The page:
There’s a number of ways to bring the little ones with you, bike seats, trailers, towed ride-ons etc, but I’ve never come across anything as downright comprehensive as this. From Steco in the Netherlands, courtesy of Google Translate.
“I can’t get my kids back in the car. They just want to ride the bike.”
Hooray, cargo bikes! If I lived on the flat I’d have me one of these.
The Council has responded to our post of Lesley’s letter to Cr Pepperell. It’s a fairly lengthy response so I’ve posted the first part here and the second part, which addresses future plans, will be posted separately.
Progress on the 2008 Cycling Policy as at March 2011. To date:
Considerable effort has been put in to improve the city’s worst performing cycle route between Ngauranga and Featherston Street, work along this route has included:
- Thorndon Quay clearway for southbound morning cyclists, including the associated pedestrian crossing
- New lane arrangements and advanced cycle stop box approaching Bunny Street
- Highlighting potential conflict points with green surfacing on both the Hutt Road shared path and on Thorndon Quay
We have removed parking on the seaward side of Evans Bay Parade through Balaena Bay to complete the on road cycle lane between the Oriental Bay shared path and the Greta Point – Miramar shared path.
We are currently consulting on a proposal to lower the speed limit on Oriental Parade and around the northern Miramar Peninsula roads of Shelly Bay, Massey and Karaka Bay. The proposed 40kmh speed limit is being recommended as a means to improve both areas for cyclists and pedestrians and indicates to drivers that there are other road users whose needs have been considered.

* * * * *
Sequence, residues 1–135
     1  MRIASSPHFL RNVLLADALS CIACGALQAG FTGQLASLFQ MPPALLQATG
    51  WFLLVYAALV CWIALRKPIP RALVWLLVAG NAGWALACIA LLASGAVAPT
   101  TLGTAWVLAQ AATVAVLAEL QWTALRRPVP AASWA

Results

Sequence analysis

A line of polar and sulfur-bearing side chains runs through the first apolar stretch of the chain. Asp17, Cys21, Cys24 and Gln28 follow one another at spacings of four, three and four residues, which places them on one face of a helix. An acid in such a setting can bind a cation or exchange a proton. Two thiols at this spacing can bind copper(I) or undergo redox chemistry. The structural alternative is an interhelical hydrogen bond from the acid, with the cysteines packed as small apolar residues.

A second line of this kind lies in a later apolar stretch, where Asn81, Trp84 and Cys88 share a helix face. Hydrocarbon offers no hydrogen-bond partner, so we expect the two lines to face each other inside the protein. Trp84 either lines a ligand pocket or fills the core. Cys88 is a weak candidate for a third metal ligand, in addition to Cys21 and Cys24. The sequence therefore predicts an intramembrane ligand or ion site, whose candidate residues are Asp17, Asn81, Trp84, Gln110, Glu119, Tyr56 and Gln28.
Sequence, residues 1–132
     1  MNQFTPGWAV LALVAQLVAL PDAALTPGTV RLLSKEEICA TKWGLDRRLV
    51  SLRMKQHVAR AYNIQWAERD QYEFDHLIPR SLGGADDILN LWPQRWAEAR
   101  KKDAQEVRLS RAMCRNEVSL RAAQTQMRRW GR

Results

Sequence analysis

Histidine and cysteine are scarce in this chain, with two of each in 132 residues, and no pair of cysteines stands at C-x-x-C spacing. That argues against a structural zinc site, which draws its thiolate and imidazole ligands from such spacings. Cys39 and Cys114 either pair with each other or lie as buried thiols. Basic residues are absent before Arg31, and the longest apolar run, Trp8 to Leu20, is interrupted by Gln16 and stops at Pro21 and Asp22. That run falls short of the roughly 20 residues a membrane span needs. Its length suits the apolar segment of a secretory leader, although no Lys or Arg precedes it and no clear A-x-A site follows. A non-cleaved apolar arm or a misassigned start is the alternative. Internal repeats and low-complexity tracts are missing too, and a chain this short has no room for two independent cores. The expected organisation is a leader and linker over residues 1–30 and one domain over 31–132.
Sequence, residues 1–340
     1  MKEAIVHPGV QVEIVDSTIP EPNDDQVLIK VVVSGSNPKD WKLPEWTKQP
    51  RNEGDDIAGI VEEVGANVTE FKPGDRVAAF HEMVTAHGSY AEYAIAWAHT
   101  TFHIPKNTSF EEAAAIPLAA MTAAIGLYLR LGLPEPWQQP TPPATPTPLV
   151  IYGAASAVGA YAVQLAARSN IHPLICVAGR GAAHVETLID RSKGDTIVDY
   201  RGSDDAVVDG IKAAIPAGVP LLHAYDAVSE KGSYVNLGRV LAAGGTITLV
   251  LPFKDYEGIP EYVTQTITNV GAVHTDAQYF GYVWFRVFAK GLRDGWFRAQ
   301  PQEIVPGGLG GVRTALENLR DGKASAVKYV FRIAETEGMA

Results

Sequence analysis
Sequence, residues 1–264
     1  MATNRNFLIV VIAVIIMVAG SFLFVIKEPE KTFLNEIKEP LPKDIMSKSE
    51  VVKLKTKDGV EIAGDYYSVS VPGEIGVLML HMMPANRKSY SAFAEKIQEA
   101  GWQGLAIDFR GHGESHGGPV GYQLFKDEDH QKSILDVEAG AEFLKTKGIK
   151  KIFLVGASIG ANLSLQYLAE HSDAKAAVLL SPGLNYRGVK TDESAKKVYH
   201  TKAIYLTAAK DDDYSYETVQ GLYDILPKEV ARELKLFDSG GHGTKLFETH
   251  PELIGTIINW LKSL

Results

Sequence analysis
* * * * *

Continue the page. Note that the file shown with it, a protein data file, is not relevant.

We have commenced work on the Tawa shared cycle path. The Shared Path will provide a safer cycling route and encourage more people to get about on foot or by bike. The five-kilometre path from Willowbank Park to Kenepuru Station will link to nearby streets, the shopping centre and other key spots like railway stations, schools, recreational areas and parks. The path will be 3m wide where possible. The path will eventually link through to Porirua Station. The project is expected to cost $3.5M and will take 7 years to complete.
We have supported the initiative of bells on bikes and have run a campaign highlighting the need to share pathways and gave away a free bell.
We have run a series of adult cycle training days and are working with a number of schools to help deliver cycle training to primary school aged children.
Mamachari are getting pretty well-known across all of Wellington. I get a lot of comments on my bike and almost everyone asks if it’s “from those guys in Island Bay who are bringing in the Japanese bikes”? Mine isn’t as a matter of fact, but I did nearly buy one, and if I’d bought one I would have wanted this one! I saw it on the website before Christmas and wondered who would be the lucky person to end up with it. Turns out my neighbour got it for Christmas! Lucky thing.
Looking to upgrade your bike-riding skills? Or would you like to ride more with your children & pass good riding skills on to them?
November 27th, December 4th
10am – 1pm
Lyall Bay School, Freyberg Street
November 27th is for parents and their kids (aged 8+) to learn together.
December 4th is an adults session.
You and your children will need to:
- know the basics of how to ride a bike
- bring along a road-worthy bike and helmet
The classes will take the form of roughly 1 hour off road (in the playground) doing basic drills, and 2 hours on the roads around Lyall Bay.
The classes are nice & small; a maximum of 12 per class with two instructors.
People can contact Emma Hope to register on 803 8632 or firstname.lastname@example.org.